|Sages,Rushis & Saints
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to Holy Places
Ramadas wanted to go round the whole country and study the conditions of the people. What
is the meaning of going round the whole country? Should he visit every nook and corner of
it? No, it is enough if one visits the holy places, which represent the entire country and
An interesting thing happened in Paithan. That was the reason, people say, why Ramadas was
begun to be called "Samartha Ramadas."
By then well known for his impressive discourses and Keertans, (singing of hymns, one day
Ramadas was walking on the banks of Godavari. He was carrying a bow in one hand and some
Brahmins saw it.
One of them asked, 'Do you know the use of the bow?"
"Yes," he replied.
"Then aim at the bird there," said some of them, pointing to a bird flying high
in the sky.
One shot of Ramadas brought the bird down to the earth.
"You are a sadhu, you say. Should you kill an innocent bird? What a sinful act you
have committed!" the Brahmins commented.
"You asked me to kill it!"
"Can you commit a sin because some one asks you to do so?"
"Yes, true, one should not," said Ramadas.
"You must repent for the sin of killing the bird. Otherwise you will have to suffer
for it," warned the Brahmins.
Ramadas accepted to repent, and performed some sacrifice. Then he-asked the Brahmins,
"Am I now free from the sin?"
Brahmins said, "You are free."
"Then how is it that the bird is still dead?"
"But how can a dead bird come back to life?"
"If the bird cannot come to life, then how am I to be sure that I got rid of the
sin?" Ramadas asked them.
Ramadas took the bird in his hands, prayed with great devotion to Lord Sri Ramachandra.
The bird began breathing. Lo, it fluttered and flew away! From that day onwards people
began to address Ramadas as Samartha Ramadas. Thus goes the story.
Then Ramadas traveled to Kashi in the North. On the way he would take rest in villages and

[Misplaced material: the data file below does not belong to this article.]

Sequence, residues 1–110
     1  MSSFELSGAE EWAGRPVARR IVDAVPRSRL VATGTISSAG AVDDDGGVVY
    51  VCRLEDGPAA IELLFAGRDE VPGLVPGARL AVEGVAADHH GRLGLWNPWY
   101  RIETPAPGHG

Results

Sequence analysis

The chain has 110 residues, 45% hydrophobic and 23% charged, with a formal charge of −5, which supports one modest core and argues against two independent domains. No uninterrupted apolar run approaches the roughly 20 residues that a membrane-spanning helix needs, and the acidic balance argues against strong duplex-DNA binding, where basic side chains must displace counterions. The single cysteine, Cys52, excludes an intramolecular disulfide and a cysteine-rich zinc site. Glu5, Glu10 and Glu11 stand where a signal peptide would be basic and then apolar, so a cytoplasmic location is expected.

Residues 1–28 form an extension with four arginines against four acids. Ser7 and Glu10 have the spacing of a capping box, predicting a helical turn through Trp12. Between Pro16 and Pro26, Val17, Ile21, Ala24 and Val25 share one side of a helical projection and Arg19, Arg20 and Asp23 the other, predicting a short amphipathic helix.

fill his stomach by begging for food. Ramadas keenly observed the prevailing conditions,
customs and manners of people, during his journey throughout the length and breadth of the
In one of his poems, Ramadas has given the following picturesque description of the
conditions that existed then in the country.
"Subjected to foreign. Invasions, the villages are deserted, lands are left
uncultivated. Even in places where people managed to live, they appeared to be living as
if faced with an impending deluge. High prices of day to day necessities of life have made
their lite most miserable. Many have put an end to their lite by taking poison. People are
disgusted with life.
He was heartbroken by the sight. "Is there no salvation for these people?" He
In this frame of mind Ramadas entered the temple of Lord Vishwanatha at Kashi (Banaras).
Kashi is a holy place, a great pilgrimage center. People flock there in
thousands from all parts of Bharat.
One day Ramadas was taking rest outside the temple after the darshan of Lord Vishwanatha.
His imposing personality attracted the attention of the devotees visiting the temple. He
entered into conversation with them. An important aspect of life he came to realize from
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